Sun didn't saturate the market with one giant factory spewing out tons of a single product. You may have been to two different ramen shops in different cities, or even right next to each other, and not realized that the noodles were made in the same factory. Instead, the company made their mark with customization —tailoring every aspect of the detailed ramen production process to each of their customer's specific needs.
The Sun Noodle story starts in Honolulu, Hawaii, in a one-room factory in an industrial part of town. It was where Hidehito Uki first began making noodles in 1981. Hidehito came from Tochigi, Japan at the age of 19 with one suitcase and a noodle machine. He named his new business Sun Noodle after the sunny skies of his new home.
Hidehito spoke just a few words of English, so he communicated through his noodles, bringing samples door-to-door to prospective customers every day. He made them thick or thin, wavy or chewy — each restaurant had a noodle to call its own.
Hidehito met his wife, Keiko, at the restaurant she owned down the street from Sun Noodle’s factory. Soon after they were married, she joined the business and the two became a true team. Hidehito made noodles in the morning and delivered them in the afternoon, while Keiko balanced the books and managed their small staff.
As Sun Noodle grew, so did the family. Hidehito and Keiko’s first daughter Jamie was born, followed by their second daughter Hisae, and their son Kenshiro. The Uki children spent much of their childhood at the factory, taste-testing samples, packaging noodles, and learning to cook homemade Japanese food.
Business flourished, and Sun Noodle started shipping to the West Coast and Vancouver, Canada in the early 90s. Hidehito began expanding his product line: quick-cook noodles for airline meals and cafeterias, and gyoza skins for local restaurants.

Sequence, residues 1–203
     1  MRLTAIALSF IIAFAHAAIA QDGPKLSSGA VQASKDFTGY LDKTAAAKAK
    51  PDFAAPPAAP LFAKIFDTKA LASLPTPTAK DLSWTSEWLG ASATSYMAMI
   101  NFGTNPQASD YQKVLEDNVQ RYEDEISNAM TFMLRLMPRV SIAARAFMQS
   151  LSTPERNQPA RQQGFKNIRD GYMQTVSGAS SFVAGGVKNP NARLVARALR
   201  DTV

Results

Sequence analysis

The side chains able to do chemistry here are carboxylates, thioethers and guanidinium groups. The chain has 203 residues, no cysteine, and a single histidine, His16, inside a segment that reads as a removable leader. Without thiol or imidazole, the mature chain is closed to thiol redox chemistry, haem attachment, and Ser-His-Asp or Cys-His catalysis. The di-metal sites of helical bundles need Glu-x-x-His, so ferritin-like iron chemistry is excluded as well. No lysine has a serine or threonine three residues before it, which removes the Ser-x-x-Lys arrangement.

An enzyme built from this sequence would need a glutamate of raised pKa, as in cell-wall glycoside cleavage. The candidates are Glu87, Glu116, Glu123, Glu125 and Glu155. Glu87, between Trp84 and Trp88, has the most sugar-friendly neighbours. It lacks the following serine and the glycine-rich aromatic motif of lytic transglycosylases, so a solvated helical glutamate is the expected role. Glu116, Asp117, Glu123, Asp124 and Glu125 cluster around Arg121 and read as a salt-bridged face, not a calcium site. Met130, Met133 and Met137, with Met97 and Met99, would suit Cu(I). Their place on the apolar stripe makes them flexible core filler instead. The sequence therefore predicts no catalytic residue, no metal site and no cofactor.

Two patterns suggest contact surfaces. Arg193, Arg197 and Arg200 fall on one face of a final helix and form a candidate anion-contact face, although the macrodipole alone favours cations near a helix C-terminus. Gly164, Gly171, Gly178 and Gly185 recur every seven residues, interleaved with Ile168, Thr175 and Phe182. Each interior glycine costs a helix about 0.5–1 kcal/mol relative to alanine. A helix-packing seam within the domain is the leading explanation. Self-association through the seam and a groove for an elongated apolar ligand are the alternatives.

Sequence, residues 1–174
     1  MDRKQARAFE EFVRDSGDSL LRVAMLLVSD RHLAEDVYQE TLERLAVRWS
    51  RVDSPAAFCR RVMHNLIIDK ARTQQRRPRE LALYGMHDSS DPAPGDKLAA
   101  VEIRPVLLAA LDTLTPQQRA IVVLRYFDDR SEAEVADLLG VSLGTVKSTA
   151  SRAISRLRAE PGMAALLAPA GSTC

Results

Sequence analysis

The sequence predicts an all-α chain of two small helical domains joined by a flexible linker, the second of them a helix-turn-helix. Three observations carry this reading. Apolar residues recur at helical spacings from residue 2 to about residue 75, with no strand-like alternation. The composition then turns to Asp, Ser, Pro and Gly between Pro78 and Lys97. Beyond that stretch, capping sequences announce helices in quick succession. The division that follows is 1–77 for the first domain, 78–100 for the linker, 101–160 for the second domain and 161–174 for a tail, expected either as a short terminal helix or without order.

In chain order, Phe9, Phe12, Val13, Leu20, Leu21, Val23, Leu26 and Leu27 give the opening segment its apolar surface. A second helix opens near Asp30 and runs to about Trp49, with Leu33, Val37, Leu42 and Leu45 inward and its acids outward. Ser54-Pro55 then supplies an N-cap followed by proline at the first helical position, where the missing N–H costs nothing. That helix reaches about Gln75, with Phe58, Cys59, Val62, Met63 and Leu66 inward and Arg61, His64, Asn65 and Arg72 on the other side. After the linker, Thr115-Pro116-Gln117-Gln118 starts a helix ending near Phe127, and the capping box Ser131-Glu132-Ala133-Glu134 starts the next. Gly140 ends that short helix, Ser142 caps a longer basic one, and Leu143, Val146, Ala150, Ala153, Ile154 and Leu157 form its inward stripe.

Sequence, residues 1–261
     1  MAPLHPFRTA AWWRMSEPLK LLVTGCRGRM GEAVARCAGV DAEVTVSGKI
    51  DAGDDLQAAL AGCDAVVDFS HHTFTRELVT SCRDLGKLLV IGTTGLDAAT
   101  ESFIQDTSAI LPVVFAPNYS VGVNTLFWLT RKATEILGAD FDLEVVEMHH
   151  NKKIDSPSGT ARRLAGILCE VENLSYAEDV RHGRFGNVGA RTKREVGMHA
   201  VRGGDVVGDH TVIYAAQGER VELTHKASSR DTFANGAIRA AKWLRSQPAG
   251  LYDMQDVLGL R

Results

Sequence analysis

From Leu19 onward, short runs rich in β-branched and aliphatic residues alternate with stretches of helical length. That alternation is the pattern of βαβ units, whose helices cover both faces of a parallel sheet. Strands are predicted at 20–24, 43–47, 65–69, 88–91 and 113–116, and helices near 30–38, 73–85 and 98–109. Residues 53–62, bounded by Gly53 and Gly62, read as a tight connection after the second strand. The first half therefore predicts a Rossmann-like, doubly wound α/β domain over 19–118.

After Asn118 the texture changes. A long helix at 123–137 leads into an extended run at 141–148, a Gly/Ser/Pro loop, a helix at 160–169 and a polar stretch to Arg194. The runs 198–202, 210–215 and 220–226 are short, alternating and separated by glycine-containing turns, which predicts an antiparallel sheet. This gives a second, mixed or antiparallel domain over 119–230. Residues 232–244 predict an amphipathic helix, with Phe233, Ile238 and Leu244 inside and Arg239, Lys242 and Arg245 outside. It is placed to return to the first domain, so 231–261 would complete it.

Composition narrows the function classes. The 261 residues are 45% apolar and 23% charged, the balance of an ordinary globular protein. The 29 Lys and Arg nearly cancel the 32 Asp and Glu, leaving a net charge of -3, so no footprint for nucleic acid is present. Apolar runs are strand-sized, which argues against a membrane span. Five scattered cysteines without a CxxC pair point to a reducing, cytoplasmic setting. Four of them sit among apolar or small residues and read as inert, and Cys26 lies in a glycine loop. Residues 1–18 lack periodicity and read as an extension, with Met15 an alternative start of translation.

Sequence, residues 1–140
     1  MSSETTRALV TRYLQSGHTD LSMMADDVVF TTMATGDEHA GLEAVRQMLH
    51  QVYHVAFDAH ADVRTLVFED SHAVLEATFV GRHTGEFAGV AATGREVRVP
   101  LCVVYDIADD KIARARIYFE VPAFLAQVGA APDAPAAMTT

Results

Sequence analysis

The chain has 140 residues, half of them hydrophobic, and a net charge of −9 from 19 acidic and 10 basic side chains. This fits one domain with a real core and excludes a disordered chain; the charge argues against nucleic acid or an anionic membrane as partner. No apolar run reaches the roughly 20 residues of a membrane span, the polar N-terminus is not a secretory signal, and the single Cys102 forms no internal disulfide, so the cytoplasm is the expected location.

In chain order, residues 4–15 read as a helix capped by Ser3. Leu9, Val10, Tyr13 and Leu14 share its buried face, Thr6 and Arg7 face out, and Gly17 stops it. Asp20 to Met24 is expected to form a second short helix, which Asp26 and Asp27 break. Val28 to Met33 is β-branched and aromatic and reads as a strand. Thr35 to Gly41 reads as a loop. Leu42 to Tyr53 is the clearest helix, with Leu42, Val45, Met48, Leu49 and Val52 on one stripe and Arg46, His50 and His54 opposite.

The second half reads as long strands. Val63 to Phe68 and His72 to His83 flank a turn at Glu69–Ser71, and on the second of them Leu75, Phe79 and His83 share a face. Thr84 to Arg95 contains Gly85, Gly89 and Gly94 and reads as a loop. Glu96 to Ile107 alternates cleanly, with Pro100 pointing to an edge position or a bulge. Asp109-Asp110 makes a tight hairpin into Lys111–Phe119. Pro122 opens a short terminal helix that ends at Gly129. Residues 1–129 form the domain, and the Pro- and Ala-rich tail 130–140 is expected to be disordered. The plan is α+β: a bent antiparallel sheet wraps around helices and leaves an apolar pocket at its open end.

After a few years in California, Kenshiro spearheaded Sun Noodle’s move to the East Coast. His sister Hisae joined the family business and began working at the factory in L.A.
Celebrity chefs like Momofuku’s David Chang, Iron Chef Masaharu Morimoto, and Marcus Samuelsson came knocking, putting Sun Noodle on the map for the East Coast and European markets.
As ramen gained in popularity, Sun Noodle established Ramen Lab in 2014, a ramen counter in the Nolita neighborhood of New York City dedicated exclusively to teaching people about different types of ramen. Ramen Lab’s pop-up concept brings guest chefs from around the world to share their ramen creations.
To keep up with the global demand for fresh noodles, Sun Noodle built a 46,000-square-foot, state-of-the-art factory in New Jersey, increasing its East Coast operations eightfold.
Today, Sun Noodle has more than 600 wholesale and retail products to its name. With factories in Honolulu, Hawaii; Rancho Dominguez, California; and Carlstadt, New Jersey, it produces more than 180,000 servings of noodles per day.
According to Sun Noodle